A senior Egyptian official said on Friday that Cairo is not promoting its own bid to revive the Israeli-Palestinian peace process. The remarks were made against the backdrop of recent attempts by Prime Minister Benjamin Netanyahu to get Arab states, primarily Egypt, to promote an alternative to the French peace initiative.
The official told Haaretz that there are no talks or indications of an effort that would pose an alternative or possibly undermine the French initiative. Egypt is focusing on promoting the French bid, he said.
Paris hosted foreign ministers from 29 countries on Friday for a summit dealing with the stalled Israeli-Palestinian talks. During the meeting, the foreign ministers agreed to hold an international peace conference by the end of the year, during which the sides will be presented with incentives to advance the two-state solution.
Prime Minister Benjamin Netanyahu has officially rejected the French initiative, and expressed preference for an Egyptian effort.
Netanyahu held a consultation with Foreign Ministry officials, national security advisers and public diplomacy staff on Thursday, during which it was decided to press some of the participants in the Paris summit to make sure that no significant decisions would emerge from it.
Another decision made at the consultation was that Israel would make it clear, both publicly and through diplomatic channels, that it prefers a regional initiative led by Egyptian President Abdel Fattah al-Sissi over the French initiative. A senior Israeli official said that Jerusalem believes the regional effort has a much greater chance of success than the French bid.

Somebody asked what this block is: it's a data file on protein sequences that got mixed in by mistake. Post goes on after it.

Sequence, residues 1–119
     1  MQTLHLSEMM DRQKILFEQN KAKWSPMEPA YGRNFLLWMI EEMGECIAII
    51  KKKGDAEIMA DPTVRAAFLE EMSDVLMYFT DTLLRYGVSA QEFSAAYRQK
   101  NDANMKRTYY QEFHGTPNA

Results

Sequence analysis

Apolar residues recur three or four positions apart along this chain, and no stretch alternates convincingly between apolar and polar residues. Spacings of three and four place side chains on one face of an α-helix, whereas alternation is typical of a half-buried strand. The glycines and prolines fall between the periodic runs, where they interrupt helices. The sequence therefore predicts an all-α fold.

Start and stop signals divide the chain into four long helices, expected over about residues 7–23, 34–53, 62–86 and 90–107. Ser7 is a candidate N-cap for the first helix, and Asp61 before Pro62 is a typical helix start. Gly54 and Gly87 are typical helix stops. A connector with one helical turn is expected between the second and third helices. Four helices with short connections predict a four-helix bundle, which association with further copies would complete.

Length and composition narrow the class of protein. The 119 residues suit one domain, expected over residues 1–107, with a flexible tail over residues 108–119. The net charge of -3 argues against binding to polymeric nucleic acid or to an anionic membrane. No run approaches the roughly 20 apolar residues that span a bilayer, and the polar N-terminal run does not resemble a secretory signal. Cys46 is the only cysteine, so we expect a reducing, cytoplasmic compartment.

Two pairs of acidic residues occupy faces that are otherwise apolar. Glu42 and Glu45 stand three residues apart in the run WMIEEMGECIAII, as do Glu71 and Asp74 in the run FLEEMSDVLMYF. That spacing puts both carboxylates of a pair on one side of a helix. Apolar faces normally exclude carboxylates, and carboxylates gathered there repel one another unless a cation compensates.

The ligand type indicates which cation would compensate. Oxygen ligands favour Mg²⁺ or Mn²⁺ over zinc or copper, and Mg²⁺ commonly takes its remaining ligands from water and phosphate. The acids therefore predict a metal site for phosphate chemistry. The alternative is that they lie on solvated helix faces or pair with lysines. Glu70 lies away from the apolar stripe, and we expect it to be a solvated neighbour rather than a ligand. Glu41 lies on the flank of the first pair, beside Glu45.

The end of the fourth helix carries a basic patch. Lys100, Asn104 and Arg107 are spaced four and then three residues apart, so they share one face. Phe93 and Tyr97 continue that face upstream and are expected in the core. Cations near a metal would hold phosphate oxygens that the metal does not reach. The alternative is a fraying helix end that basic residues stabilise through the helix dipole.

Within the office of Palestinian President Mahmoud Abbas, there was a decided chill in reaction to the closing statement of the summit in Paris. Abbas' spokesperson Nabil Abu Rudeina said that the Palestinians don't have any illusions regarding the event, but added that the conference is the beginning of a change in international opinion.
According to Abu Rudeina, the world must be firm and not bow to Israeli policy. "This is an opportunity that can fade away but we must create an atmosphere and international Arab consensus to change the atmosphere and policy in the Middle East and to reach a comprehensive agreement."
Dr. Hanan Ashrawi, a memberof the PLO Executive Committee, said that the closing statement from the Paris summit was too general and lacked concrete steps, clear goals and an operative work plan.
PLO Secretary-General Saeb Erekat on Friday called the Paris summit "a window of opportunity" and said that the Palestinian leadership expects the international effort to result in a firm timetable and a framework for future negotiations.
"We have no illusions that such a conference would lead to a miracle and to an immediate settlement freeze, but we do expect the international community to take action and press Israel to accept the two-state solution as the only option before it's too late," he said.
Officials in Ramallah believe that Cairo might be prepared to lead an initiative alongside France and establish a joint team with Israel and the Palestinians in the future. But according to those sources, at this point in time these are just preliminary ideas that have yet to ripen into real plans.
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